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How Accurate Is The Gps Clock?


jotne
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I have a MeriGreen, my son has a MeriGreen and my son-in-law has a MeriYellow. Their clocks are exactly together, mine is 56 seconds behind theirs. All 3 are running 4.03 firmware.

 

This condition seems to be permanent, since it has been observed over a period of weeks. The lat/long readings, however are all together. How can this be?

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It depends on what you consider to be accurate.

 

Time from NIST and the US Naval Observatory (they control the GPS system) often vary from each other by several nanonseconds. These variances are constantly changing.

 

At one time, GPS time was as much as 11 seconds from Universal Coordinated Time, but that interval difference is pretty constant. I'm not sure if that gap is still the same today.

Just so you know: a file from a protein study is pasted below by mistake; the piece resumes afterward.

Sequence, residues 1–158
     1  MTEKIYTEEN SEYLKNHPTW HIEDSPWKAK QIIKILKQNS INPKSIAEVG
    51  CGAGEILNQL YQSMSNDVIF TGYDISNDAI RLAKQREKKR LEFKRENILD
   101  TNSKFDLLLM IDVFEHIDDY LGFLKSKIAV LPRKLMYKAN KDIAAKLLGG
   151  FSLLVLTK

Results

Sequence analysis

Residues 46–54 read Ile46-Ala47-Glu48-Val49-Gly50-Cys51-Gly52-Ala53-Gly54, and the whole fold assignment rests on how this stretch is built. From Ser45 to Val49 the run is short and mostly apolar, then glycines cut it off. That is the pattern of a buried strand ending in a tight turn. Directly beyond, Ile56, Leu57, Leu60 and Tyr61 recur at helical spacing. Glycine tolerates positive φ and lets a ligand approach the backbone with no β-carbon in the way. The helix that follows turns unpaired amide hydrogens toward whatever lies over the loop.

Several years ago there was an issue with the way the GPS system keeps time. I don't recall the details, but it boils down to something of counting the number of blips from a certain point of time. The blip counter needed to "roll-over" and there was a lot of concern it would screw up older GPS receivers...it was something similar to the Year 2000 bug.

 

George

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I have a MeriGreen, my son has a MeriGreen and my son-in-law has a MeriYellow. Their clocks are exactly together, mine is 56 seconds behind theirs. All 3 are running 4.03 firmware.

 

This condition seems to be permanent, since it has been observed over a period of weeks. The lat/long readings, however are all together. How can this be?

You got me. I've seen similar differences between Garmin units.